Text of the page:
Creative histories: Memories of past lives and measures of creativity.
meyersburg, carson, mathis, & mcnally 2014 psychology of consciousness.pdf (95.28Kb)
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CitationMeyersburg, Cynthia A., Shelley H. Carson, Melinda B. Mathis, and Richard J. McNally. 2014. “Creative Histories: Memories of Past Lives and Measures of Creativity.” Psychology of Consciousness: Theory, Research, and Practice 1 (1): 70–81. doi:10.1037/css0000004.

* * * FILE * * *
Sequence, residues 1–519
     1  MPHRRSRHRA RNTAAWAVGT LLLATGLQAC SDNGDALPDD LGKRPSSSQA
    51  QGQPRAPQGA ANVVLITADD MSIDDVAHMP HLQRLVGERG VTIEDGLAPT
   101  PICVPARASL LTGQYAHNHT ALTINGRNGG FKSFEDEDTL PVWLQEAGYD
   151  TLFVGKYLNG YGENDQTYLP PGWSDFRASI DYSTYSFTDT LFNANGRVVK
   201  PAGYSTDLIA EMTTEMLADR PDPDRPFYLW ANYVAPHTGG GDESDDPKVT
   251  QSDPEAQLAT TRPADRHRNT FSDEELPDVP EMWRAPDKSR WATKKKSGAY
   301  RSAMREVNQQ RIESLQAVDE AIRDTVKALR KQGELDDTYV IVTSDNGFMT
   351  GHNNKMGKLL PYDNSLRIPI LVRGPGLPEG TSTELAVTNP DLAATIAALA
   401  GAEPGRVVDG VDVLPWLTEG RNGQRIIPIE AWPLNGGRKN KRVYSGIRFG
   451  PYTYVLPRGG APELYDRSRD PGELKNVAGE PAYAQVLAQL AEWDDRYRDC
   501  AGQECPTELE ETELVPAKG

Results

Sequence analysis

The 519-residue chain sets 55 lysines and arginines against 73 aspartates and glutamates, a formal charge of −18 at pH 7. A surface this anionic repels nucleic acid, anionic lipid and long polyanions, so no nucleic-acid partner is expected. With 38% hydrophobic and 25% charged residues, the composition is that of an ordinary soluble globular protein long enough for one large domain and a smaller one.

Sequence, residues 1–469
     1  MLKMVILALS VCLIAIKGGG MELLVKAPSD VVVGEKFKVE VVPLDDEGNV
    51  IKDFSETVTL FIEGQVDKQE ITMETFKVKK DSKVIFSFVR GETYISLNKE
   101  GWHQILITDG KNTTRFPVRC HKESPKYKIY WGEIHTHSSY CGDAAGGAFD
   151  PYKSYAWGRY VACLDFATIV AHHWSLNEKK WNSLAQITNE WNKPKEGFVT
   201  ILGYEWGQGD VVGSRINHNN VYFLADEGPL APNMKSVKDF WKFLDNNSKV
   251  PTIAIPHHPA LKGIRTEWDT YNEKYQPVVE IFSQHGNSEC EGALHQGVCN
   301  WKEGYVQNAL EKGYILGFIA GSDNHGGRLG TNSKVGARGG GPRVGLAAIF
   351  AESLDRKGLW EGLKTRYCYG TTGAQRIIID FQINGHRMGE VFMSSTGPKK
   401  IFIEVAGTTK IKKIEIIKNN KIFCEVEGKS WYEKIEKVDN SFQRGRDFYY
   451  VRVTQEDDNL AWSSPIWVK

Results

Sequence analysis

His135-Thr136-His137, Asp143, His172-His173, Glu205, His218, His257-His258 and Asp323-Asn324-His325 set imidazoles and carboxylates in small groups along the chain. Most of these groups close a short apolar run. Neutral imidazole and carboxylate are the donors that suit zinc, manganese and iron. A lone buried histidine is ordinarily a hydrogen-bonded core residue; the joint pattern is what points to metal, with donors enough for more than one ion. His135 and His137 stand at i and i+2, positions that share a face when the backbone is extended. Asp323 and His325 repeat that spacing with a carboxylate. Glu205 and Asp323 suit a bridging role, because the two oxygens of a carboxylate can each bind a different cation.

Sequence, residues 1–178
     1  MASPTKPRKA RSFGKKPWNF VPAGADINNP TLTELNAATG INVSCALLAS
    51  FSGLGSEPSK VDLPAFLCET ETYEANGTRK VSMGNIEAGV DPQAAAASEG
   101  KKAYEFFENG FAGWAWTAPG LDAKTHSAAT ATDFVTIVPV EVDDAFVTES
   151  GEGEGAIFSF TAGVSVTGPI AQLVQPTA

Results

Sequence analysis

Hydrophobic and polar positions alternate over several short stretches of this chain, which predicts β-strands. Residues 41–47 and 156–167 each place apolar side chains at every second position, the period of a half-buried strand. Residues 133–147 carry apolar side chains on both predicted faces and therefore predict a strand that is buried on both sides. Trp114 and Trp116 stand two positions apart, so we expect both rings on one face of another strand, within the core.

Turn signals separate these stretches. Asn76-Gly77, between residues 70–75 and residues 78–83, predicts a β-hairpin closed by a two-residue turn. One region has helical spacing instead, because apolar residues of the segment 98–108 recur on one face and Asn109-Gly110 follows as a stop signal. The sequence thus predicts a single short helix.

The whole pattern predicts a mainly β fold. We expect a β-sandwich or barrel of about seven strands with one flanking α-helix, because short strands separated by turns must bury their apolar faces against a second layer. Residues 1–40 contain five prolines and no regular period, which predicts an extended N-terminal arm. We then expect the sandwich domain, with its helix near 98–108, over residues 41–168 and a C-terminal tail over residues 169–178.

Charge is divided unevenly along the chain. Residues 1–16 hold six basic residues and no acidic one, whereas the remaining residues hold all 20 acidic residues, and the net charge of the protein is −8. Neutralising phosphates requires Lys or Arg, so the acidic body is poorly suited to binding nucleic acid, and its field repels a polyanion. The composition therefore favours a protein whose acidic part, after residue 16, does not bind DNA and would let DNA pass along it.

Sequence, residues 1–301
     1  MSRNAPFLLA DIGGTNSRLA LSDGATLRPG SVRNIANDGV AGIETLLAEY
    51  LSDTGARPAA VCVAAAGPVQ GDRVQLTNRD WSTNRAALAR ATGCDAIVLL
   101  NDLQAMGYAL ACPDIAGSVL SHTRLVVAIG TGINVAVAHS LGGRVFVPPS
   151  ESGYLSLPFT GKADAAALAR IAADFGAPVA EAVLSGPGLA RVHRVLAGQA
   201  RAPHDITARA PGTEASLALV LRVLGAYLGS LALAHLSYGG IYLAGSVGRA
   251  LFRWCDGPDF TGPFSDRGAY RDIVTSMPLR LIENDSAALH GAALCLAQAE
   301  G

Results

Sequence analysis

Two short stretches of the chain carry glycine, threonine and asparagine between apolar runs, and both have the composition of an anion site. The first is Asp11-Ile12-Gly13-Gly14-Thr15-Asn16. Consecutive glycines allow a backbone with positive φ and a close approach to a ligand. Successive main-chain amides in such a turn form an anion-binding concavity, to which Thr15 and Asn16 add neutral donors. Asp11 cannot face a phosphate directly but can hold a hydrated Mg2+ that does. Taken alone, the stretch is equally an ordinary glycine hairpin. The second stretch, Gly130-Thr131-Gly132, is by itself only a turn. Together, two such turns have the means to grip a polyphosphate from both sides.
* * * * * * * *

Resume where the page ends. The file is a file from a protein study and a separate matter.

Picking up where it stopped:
AbstractExperiencing memories of past lives is anomalous in Western culture. Such experiences may signify an overinclusive cognitive style, associated with creative ability. Accordingly, are reports of past life memory (PLM) associated with creativity? Is PLM associated with measures of overinclusiveness? To investigate these issues, we conducted two studies. In study one, we recruited subjects who reported having recovered memories of previous lives, and compared them to demographically matched comparison subjects on measures of creativity and latent inhibition (LI). Relative to comparison subjects, those reporting PLM had significantly higher scores on a variety of creativity measures, but not significantly higher scores on creative achievement (p .10). The PLM subjects were significantly more likely to have low LI, an indicator of overinclusive cognition associated with creativity in high-IQ subjects (Carson, Peterson, & Higgins, 2003). Partly replicating Carson et al.’s findings, low LI scores in subjects with high IQ scores predicted high scores on measures of divergent thinking and creativity, but not on a measure of creative achievement. In study two, we investigated the prevalence of past life beliefs and PLM among high-creative versus low-creative students. Relative to low-creative subjects, those high on creative achievement were significantly more likely to endorse both past life beliefs and report PLM. Further, both high- (relative to low-) creative achievers and those with PLM (relative to those with no PLM) scored significantly higher on a schizotypal personality measure of overinclusive thinking.
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